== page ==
Mary is an executive coach, on a mission to teach conscious leaders how to play the inner game so that they can be happy, healthy and connected to unlimited possibilities.
How do you define success
How do you define success? Do you do it by markers that others celebrate, such as passion, power, money and the like? Or do you do it by internal markers such as deep feelings of well-being, joy and sense of purpose? ~Srikumar Rao, Modern Wisdom, Ancient Roots
During the summer between my junior and senior year of high school, my teachers nominated me to participate in the Hugh O’Brian Leadership seminar. Why me? What did they see in me that would suggest a leader?
This experience instilled in me a belief that the world needs good leaders, and that I could be one of them. I saw myself learning to connect with students that others found difficult to teach and creating a safe space for them to develop their gifts and talents. But I didn’t just want to do this for my classroom, I wanted to inspire and lead entire buildings of teachers and staff who were connecting with students—regardless of the challenges they brought with them—to help them develop their gifts and talents. As a leader, I would ensure that the teachers and staff had the resources and support they needed to grow; and as they grew, they would create the same experience for their students.
To become this leader, I concluded that I would need to pursue two paths simultaneously; I would need knowledge and credentials, and I would need experience in applying the leadership principles I was learning. My success was based largely on feedback from parents, teachers, principals and staff. And of course, I also had to manage instructional programming, hiring and retaining staff, and managing the budget.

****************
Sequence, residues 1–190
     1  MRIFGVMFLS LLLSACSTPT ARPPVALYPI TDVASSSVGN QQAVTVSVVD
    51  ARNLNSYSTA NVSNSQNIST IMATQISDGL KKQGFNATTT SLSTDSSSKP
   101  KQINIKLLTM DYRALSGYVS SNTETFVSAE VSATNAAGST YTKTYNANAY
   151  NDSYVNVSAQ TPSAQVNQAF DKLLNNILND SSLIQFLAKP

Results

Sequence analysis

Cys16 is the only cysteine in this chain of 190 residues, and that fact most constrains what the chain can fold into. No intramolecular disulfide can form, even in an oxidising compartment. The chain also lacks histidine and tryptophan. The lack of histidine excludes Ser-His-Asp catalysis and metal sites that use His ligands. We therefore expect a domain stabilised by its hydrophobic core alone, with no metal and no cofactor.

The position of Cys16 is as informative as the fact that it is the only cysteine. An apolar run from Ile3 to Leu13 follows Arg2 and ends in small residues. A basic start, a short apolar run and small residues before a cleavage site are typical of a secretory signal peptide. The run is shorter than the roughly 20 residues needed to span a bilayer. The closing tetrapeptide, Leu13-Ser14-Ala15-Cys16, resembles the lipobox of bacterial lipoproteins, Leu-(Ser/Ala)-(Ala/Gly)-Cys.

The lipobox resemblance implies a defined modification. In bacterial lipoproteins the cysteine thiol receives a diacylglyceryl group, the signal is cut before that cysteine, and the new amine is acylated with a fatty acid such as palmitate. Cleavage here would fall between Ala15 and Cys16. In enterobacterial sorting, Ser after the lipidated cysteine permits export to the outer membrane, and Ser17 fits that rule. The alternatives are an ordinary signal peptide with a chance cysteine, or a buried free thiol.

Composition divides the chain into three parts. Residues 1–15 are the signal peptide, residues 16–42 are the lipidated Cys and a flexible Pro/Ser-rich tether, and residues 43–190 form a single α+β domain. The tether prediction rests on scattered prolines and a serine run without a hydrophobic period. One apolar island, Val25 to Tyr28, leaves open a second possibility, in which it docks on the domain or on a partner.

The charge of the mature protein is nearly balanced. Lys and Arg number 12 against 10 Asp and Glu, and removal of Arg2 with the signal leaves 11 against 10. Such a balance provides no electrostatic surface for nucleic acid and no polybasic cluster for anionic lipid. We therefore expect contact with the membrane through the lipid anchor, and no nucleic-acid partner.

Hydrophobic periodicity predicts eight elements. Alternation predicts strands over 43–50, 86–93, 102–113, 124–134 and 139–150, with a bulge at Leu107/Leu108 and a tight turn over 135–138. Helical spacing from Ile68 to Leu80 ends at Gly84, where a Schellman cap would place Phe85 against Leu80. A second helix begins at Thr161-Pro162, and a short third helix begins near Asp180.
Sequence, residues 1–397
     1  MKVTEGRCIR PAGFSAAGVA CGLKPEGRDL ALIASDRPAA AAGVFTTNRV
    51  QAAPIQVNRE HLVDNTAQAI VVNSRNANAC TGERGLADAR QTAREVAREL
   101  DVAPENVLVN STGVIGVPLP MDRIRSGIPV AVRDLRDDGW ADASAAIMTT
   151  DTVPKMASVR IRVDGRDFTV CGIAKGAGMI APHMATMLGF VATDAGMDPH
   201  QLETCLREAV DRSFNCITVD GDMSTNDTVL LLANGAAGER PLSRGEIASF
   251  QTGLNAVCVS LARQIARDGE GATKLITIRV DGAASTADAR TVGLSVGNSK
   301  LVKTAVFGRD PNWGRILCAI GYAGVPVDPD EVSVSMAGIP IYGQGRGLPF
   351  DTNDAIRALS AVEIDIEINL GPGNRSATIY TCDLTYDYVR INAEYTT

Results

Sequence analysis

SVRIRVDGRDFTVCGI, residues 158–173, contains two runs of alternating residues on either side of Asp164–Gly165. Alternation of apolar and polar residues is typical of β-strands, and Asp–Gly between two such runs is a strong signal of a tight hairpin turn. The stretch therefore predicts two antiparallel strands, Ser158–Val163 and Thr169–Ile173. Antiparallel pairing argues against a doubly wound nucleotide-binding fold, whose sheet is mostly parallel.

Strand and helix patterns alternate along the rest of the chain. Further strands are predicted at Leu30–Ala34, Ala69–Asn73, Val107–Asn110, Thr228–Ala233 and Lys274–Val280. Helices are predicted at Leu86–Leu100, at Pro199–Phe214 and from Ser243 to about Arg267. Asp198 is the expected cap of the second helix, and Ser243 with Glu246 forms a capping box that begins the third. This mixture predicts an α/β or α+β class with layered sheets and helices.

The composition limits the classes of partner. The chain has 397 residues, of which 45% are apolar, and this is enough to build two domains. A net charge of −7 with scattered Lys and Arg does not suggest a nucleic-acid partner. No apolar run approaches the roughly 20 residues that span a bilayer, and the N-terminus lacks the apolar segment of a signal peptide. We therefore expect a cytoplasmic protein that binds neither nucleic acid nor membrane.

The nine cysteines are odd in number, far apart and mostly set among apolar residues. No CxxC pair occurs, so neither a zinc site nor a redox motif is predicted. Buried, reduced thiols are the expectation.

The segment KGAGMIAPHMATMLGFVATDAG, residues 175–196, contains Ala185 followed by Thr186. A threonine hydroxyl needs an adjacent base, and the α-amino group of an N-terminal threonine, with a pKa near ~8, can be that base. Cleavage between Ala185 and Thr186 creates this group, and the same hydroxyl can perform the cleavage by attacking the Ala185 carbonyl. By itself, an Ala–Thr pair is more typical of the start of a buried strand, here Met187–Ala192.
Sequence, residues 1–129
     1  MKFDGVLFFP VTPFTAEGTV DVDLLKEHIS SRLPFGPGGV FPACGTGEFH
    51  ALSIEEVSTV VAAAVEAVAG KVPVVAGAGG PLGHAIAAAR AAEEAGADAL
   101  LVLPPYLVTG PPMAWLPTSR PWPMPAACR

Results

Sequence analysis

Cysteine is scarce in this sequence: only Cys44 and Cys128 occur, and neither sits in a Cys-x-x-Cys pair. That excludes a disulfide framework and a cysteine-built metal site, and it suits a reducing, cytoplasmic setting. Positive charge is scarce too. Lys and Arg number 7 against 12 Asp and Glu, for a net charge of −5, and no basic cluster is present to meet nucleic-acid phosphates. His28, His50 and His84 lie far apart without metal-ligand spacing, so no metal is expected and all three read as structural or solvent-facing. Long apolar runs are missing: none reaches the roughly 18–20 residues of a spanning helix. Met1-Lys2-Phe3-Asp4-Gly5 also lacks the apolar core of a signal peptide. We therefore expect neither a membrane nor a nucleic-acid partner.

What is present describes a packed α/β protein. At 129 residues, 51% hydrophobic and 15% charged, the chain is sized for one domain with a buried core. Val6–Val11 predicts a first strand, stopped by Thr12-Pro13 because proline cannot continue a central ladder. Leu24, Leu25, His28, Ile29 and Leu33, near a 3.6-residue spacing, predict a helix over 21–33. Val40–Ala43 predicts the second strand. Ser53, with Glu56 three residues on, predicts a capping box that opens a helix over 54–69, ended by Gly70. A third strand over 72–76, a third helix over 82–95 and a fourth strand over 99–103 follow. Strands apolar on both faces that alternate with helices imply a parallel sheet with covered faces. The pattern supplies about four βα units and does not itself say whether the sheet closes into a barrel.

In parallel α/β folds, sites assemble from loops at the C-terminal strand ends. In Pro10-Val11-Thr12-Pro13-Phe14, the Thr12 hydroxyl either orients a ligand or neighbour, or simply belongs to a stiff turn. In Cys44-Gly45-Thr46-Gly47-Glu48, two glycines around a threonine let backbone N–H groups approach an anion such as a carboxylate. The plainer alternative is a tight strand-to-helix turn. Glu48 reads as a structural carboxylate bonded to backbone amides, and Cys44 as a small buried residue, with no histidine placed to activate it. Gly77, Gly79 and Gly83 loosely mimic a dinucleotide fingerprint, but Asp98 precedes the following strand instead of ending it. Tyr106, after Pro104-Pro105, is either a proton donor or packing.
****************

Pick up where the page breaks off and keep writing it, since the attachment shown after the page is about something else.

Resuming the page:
This is what I refer to as playing the Outer Game. As we “play” the Outer Game, we may still be pursuing our own vision or purpose, but we attempt to do so by complying with the beliefs and expectations of others. Our vision inspires us and keeps us in the game, but we lose energy as we encounter challenges or continue to do things the way that they have always been done.
The Outer Game is characterized by the experience of starts and stops, like we just can’t get everything firing on all cylinders at the same time. Why are we going around and around in unproductive, exhausting circles that don’t move us any closer to our purpose? Not only does the Outer Game interfere with the pursuit of our goals, it also taxes our physical, mental and emotional health. I know from personal experience, and I played the Outer Game well…until I didn’t.
Since I never expected leadership development to be easy, I didn’t pay attention to the small indications that I was over-taxing my nervous system. I remember when the first physical signal showed up during the Spring of my first year as an administrator. My right thumb was swollen after a weekend of gardening. One of my occupational therapists looked at it and acknowledged that there was visible swelling and questioned how a few days of gardening would cause this type of swelling. Since I didn’t know the cause, I pushed through the pain. Within a year of that experience, I was in so much physical pain that I could barely move, and for the first time in my life, I wondered if I’d end up on disability. I found a chiropractor to work with me, and this brought me relief. Since I wasn’t experiencing these symptoms anymore, I assumed I could continue to pursue my path.